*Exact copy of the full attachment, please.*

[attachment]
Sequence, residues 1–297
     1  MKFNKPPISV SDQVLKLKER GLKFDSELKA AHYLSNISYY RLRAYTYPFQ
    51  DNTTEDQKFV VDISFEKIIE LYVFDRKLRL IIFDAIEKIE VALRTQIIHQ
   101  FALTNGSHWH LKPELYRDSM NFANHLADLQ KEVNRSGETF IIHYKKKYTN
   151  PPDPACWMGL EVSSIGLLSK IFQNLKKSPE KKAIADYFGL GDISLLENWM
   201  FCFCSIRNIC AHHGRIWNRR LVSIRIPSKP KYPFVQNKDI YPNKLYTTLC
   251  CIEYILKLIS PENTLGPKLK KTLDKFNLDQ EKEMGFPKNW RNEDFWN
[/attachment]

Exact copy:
Sequence, residues 1–297
     1  MKFNKPPISV SDQVLKLKER GLKFDSELKA AHYLSNISYY RLRAYTYPFQ
    51  DNTTEDQKFV VDISFEKIIE LYVFDRKLRL IIFDAIEKIE VALRTQIIHQ
   101  FALTNGSHWH LKPELYRDSM NFANHLADLQ KEVNRSGETF IIHYKKKYTN
   151  PPDPACWMGL EVSSIGLLSK IFQNLKKSPE KKAIADYFGL GDISLLENWM
   201  FCFCSIRNIC AHHGRIWNRR LVSIRIPSKP KYPFVQNKDI YPNKLYTTLC
   251  CIEYILKLIS PENTLGPKLK KTLDKFNLDQ EKEMGFPKNW RNEDFWN